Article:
Know Your Specialists

To find the best care for pancreatic cancer, patients should seek out high-quality, high-volume cancer centers, hospitals, and doctors that have considerable experience in the field. Treatment for pancreatic cancer can be extremely complex, and while small local hospitals can provide quality care, sometimes their staff physicians may not possess significant experience treating cases of pancreatic cancer. For patients who live in rural areas, considerable travel may be required. If surgery is prescribed, patients should especially give strong consideration to a surgeon’s background.

Build Your Medical Care Team:

There are several tools patients may explore to find a doctor or hospital that specializes in the treatment of pancreatic cancer:

  • Contact the patient’s insurance company, and request a referral to an oncologist who specializes in gastrointestinal cancers.
  • Use the Doctor Finder feature on the American Medical Association (AMA) website.
  • Refer to the National Cancer Institute (NCI) list of Cancer Centers or the NCI fact-sheet: How to Find a Doctor or Treatment Facility.

Know Your Specialist:

Gastroenterologist: Gastroenterologists are doctors who specialize in the function and disorders of the gastrointestinal tract, which includes the stomach, the intestines, the pancreas, and other associated organs. Patients often receive initial care from gastroenterologists when symptoms manifest. Gastroenterologists perform exams such as ERCP and EUS.

Medical Oncologist: Oncologists are doctors in internal medicine who specialize in cancer and cancer therapies (such as chemotherapy), and who manages the majority of complications that arise during the course of cancer treatment.

Nurse or Nurse Practitioner: Nurses assist in carrying out the treatment plan prescribed by the doctor.  Nurse practitioners have advanced training and education that allows them to perform physical exams, diagnose certain ailments, order tests and treatments, and prescribe medications.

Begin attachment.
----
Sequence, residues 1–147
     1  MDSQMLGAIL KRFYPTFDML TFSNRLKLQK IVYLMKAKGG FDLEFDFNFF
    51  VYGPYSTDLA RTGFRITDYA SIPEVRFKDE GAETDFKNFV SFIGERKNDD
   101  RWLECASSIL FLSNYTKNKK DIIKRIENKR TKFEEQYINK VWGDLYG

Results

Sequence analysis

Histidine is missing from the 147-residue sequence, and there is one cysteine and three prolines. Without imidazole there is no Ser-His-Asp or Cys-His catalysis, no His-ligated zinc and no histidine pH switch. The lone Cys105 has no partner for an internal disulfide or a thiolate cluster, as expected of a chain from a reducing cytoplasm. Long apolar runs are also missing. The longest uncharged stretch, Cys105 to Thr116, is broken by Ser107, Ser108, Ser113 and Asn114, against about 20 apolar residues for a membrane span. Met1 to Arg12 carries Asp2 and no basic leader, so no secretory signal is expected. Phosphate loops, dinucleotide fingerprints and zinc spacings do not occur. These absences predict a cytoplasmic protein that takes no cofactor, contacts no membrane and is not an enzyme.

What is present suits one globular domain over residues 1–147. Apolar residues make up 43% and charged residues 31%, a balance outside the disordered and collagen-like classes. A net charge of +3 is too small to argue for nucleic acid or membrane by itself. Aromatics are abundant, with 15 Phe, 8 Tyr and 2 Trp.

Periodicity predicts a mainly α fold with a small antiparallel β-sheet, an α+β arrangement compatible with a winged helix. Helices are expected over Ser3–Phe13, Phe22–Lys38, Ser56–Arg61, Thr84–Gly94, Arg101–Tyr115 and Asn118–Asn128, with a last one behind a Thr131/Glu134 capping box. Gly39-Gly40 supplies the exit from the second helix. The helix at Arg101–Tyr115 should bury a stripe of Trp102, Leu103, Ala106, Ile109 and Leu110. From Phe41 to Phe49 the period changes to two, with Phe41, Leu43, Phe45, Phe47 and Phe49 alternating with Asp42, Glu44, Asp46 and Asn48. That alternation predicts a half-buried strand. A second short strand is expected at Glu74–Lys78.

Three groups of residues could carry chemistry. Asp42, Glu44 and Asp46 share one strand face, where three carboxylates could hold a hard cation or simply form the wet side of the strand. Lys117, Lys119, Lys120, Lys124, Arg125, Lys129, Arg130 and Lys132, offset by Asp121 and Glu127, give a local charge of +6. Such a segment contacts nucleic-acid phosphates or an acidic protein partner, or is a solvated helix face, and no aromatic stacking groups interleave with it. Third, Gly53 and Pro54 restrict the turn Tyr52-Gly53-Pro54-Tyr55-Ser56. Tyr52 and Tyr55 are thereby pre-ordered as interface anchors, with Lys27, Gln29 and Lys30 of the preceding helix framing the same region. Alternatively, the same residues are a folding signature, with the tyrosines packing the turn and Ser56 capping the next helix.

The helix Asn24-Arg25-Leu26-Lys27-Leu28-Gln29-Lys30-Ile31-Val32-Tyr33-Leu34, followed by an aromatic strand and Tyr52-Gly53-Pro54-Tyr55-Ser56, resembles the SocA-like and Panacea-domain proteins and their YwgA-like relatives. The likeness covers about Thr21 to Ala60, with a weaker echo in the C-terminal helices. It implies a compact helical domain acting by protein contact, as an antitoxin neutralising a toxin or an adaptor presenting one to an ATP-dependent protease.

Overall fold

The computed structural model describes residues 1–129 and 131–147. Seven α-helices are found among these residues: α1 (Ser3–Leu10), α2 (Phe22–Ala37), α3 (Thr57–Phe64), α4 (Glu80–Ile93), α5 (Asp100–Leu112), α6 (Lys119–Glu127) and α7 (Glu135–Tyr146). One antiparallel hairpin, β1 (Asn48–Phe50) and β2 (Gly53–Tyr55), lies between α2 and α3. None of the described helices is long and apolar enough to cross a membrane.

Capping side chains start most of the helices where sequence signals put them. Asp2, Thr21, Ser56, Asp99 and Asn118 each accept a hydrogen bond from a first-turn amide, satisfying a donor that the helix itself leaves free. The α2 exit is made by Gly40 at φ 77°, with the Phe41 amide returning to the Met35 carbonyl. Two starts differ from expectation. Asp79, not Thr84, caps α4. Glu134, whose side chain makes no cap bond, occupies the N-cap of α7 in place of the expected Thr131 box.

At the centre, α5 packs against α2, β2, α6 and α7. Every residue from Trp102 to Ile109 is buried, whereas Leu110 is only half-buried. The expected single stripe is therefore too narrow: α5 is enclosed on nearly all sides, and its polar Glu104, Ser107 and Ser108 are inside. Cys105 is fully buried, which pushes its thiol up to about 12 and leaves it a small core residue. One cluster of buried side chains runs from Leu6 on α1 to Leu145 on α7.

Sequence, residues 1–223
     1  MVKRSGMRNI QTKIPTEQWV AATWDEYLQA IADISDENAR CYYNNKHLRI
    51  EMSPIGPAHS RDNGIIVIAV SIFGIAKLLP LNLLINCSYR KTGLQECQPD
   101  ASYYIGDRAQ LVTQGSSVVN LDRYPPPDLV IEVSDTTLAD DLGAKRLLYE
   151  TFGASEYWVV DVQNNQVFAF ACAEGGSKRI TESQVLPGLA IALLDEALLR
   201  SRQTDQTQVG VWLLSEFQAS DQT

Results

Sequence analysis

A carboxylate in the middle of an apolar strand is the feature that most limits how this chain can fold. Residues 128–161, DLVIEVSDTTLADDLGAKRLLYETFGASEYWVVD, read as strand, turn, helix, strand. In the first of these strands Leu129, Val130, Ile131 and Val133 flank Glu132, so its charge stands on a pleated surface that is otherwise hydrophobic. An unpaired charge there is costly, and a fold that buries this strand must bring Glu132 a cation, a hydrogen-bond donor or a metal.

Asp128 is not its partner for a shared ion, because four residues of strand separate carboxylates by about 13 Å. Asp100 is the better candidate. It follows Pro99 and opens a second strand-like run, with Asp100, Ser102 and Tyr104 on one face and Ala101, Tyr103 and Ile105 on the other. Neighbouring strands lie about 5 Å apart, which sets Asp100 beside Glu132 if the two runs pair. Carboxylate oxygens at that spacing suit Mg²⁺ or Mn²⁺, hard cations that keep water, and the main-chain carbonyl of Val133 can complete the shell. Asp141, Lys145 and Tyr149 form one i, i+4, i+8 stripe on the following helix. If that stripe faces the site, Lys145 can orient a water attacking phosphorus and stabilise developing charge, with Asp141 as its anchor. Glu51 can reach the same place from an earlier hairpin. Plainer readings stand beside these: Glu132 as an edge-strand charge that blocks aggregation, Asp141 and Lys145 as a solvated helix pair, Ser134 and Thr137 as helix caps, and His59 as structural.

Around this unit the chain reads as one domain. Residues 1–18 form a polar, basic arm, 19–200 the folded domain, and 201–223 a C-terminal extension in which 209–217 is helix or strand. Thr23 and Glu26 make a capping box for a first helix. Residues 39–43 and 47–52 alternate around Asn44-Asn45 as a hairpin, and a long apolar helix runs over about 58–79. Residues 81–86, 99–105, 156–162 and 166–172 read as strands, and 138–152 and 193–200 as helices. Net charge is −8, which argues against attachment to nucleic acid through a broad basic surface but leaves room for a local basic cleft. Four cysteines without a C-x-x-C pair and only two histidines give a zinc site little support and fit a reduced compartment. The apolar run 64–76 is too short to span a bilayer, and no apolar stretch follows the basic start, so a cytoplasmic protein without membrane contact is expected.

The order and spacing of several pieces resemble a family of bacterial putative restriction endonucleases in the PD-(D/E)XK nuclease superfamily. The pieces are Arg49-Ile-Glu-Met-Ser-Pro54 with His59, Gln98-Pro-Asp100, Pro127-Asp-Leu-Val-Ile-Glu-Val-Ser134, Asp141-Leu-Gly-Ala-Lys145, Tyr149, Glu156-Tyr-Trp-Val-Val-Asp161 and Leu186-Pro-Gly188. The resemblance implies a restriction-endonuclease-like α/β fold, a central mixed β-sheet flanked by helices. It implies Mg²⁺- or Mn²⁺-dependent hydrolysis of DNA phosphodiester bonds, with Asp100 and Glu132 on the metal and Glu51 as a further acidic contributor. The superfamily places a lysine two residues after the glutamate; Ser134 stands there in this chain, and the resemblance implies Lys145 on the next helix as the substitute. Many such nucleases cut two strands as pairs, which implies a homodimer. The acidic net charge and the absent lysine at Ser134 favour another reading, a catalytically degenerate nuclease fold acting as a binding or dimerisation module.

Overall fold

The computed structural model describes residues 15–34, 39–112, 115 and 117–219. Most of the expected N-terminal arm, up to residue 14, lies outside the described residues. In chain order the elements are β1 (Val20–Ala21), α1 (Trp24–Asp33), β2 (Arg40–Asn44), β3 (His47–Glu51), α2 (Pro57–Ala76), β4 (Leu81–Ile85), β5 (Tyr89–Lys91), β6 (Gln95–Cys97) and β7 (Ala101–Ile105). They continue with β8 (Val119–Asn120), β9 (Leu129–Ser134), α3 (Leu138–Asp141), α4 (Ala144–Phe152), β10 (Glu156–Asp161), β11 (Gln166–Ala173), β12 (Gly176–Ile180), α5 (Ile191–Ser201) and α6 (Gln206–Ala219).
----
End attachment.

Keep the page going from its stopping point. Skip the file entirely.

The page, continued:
Pain Specialist: Pain specialists work closely with oncologists to diagnose and treat pain. Pain medicine, as a broad term, encompasses anesthesiologists, neurologists, neurosurgeons, and specially trained psychiatrists.

: Pathologists are physicians who work in laboratories to identify diseases by studying cells and tissues under a microscope. Their work is an integral part of accurately diagnosing cases of pancreatic cancer.

Psychiatrists & Psychologists: Psychiatrists are doctors who provide patients psychological counseling and, if necessary, can prescribe medication. Psychologists, by comparison, while also treating patients through therapy and counseling sessions, are not able to prescribe medications.

Radiologist: Radiologists are sub-specialist oncologists who help determine the course of radiation therapy a patient may use in the course of their treatment.

Registered Dietitian: Pancreatic cancer patients generally have to make significant changes to their diet during treatment, and especially following surgery.  Dietitians help guide patients to the types of food that will nourish them with the appropriate calories, vitamins, fats, and protein that their bodies now require. 

Surgeon: Surgeons are physicians with advanced training who treat patients by way of operations, which in the case of pancreatic cancer includes both the Whipple procedure and biliary bypass surgery.